Bao Tong: Liu Xiaobo was a great Chinese patriot
The great statesman talks about his friendship with the great dissident, who was left to die of cancer by the authorities. Liu’s peaceful and non-violent proposals in the 2008 manifesto are almost all already in the Chinese constitution; yet Liu was convicted for "subverting state power". Bao proposes the nationalisation of the army and federalism.
Beijing (AsiaNews/RFA) – Liu Xiaobo, the pro-democracy dissident who was allowed to die of cancer on July 13, was a "great patriot". Although he was convicted of "subverting state power," the manifesto that he and others drafted, Charter 08, represents an important proposal for China’s leaders and people. The charter’s content is already found in the Chinese constitution, even though the Party has not implemented it, this according to statesman Bao Tong (pictured 2), who was Liu Xiaobo’s friend.
Bao Tong, who was an aide to Zhao Ziyang, general secretary of the Communist Party of China in the 1980s, was among the few who opposed the Tiananmen Square massacre by the army on the night of June 4, 1989. Because of this he spent seven years in jail and is still under house arrest and strict controls.
By the end of the 1986 student movement in Anhui, Nanjing, Shanghai and Beijing, I had heard of Liu Xiaobo, though I had never met him.
He tried to visit me twice in 2007, but was stopped both times by police, who wouldn't let him in [to visit me under house arrest], and he had to leave again.
Later, in 2007 and 2008, I met Liu Xiaobo, and we quickly became good friends.
Liu Xiaobo's specialism was the theory of literature and art, and he had studied the theories of [Russian literary theorists] Dobrolyubov, Belinsky and Chernyshevsky in university, but didn't find them satisfying.
He liked to live a relaxed and carefree life, meeting up with people, talking to them. In terms of his temperament, he was no politician. Chatting with him usually meant trivia, anything and everything, history through the ages. There was almost no political stuff at all. But whenever we would meet up to drink tea and talk together, the people around us would always be listening in.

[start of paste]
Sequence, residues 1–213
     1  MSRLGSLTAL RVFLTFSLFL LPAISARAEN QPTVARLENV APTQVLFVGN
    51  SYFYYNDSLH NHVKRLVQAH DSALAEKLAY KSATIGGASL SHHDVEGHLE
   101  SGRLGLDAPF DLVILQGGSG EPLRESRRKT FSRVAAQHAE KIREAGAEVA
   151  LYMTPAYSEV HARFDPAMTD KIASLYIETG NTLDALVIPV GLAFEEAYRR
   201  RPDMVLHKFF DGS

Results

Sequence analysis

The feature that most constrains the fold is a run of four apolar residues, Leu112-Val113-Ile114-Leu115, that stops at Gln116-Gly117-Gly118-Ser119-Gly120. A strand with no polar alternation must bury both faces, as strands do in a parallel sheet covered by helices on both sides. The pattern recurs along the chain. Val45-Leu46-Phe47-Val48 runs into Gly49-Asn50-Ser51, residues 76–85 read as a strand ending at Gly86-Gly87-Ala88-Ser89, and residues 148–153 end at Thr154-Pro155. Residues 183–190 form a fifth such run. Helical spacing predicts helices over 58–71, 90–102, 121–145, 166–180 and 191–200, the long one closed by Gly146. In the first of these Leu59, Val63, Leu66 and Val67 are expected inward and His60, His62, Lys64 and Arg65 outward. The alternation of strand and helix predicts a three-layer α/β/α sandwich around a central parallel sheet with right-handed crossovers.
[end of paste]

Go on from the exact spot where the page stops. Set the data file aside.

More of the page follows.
Once we got to know each other, we would meet to drink tea once a month, although we couldn't always make it every time for a variety of reasons. He knew that I would practice tai chi in Yuyuantan Park every morning, and sometimes he would seek me out there if there was something on his mind.
On one occasion, in 2008, he came to the park to say that a few friends were drafting Charter 08, and that he was hoping we could discuss it. From that time on, we met more than once a month.
Charter 08 wasn't entirely drafted by Liu Xiaobo, but he presided over it, and we discussed it together. He listened very carefully, and in great detail, to different opinions. He also argued, but not in a stubborn way. He would always choose his ideas on merit, and he wanted it written in a way that recognized as many people's contribution as possible.
Liu Xiaobo was a very gentle man who never went to extremes, and was never subjective. His later statement, titled "I have no enemies," was a true reflection of the man.
When he was drafting Charter 08, he also asked for my advice, but my opinion was simple, taking up only one sentence: the simpler, clearer and more moderate you can make it, the better. Besides that, I had no other opinion. Out of several friends who were busy discussing Charter 08, he was the busiest.
Liu Xiaobo was smart, and he knew that things had to stay within the law, so as to attract more participants, and to meet with less resistance.
The contents of the Charter are almost all to be found in the Chinese constitution. We just asked that their implementation be taken seriously. There was nothing new there.
Under normal circumstances, this would be acceptable to the authorities, and there would be no reason to refuse us.
For example, the idea that all the power in the People's Republic of China belongs to the people. Or that the people have freedom of speech, freedom of the press, freedom of assembly, freedom of demonstrations, all of which are expressly included in the constitution, and which the government should guarantee.